Presentation on theme: "SEPTEMBER 24, 2009 NICOLE SKALSKY, PH.D. ASSESSMENT FACILITATOR Colorado Growth Model Overview."— Presentation transcript:
SEPTEMBER 24, 2009 NICOLE SKALSKY, PH.D. ASSESSMENT FACILITATOR SKALSNR@D11.ORG Colorado Growth Model Overview
You should… See this as an introduction to the Growth Model. Absorb what you can today. Know that this is not an easy model to understand. Walk away with a basic understanding of the growth model at the student and school level and the vocabulary associated with each.
Academic growth is like_______because _______________.
Questions Answered by the Colorado Growth Model What is? How much growth did a student make in one year? What should be? How much growth is enough to reach proficient (or advanced)? What could be? How much growth has been made by student with a similar score history?
How Good is Good Enough? All students at least proficient by the time they graduate The Colorado Growth Model tells us: Whether individual students are making progress toward that goal, What percentage of students are making adequate growth in a school, and Information about school quality.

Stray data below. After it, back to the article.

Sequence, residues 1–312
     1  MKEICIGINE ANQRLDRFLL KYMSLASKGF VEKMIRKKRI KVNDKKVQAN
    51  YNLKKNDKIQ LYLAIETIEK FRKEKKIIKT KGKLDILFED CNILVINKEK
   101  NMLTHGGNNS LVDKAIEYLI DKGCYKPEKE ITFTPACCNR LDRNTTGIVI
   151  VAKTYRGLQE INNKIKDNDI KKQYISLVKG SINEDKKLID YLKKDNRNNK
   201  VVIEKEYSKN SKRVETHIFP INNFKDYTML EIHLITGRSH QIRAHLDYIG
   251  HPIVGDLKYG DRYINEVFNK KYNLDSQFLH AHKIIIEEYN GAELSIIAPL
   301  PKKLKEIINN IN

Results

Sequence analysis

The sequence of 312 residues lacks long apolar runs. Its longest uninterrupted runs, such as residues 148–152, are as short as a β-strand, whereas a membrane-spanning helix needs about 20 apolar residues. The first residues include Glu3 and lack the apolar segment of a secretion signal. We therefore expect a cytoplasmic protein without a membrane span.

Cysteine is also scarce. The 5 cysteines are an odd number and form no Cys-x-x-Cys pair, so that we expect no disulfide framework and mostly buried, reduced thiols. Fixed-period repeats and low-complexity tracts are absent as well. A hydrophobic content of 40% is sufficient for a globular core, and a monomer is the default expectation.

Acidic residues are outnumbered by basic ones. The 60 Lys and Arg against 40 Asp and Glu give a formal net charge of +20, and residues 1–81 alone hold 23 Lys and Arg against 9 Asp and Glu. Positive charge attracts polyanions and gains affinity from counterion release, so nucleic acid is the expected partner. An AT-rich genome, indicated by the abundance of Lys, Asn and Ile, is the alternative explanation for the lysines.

Video: Introduction to the Growth Model http://www.schoolview.org/media/Introduction/Gr owthModelIntro.asp http://www.schoolview.org/media/Introduction/Gr owthModelIntro.asp
Growth Model Reports Growth reported at three levels : Student – individual by content area School – by grade, by content area District – by schools, grade, and content area
Individual Student Growth Basis for the Colorado Growth Model Focuses on growth rather than percent proficient and advanced Gives us a different way to look at student achievement Looks at reading, math and writing growth over time
Individual Student Growth Percentiles High Growth at or above 66 th percentile Typical Growth at or between the 36 th and 65 th percentile Low Growth up to and including 35 th percentile A student growth percentile of 60 indicates the student grew as well or better than 60 percent of her academic peers.
District-Level Questions... How does student growth differ across schools in the district? Do any of our higher achievement schools have lower growth? Do any of our lower achievement schools have higher growth? Are there some schools that perform better (growth and/or achievement) in Reading than in Math (or vice- versa)? Did a particular group of students demonstrate unusually high (or low) growth and/or achievement across the district?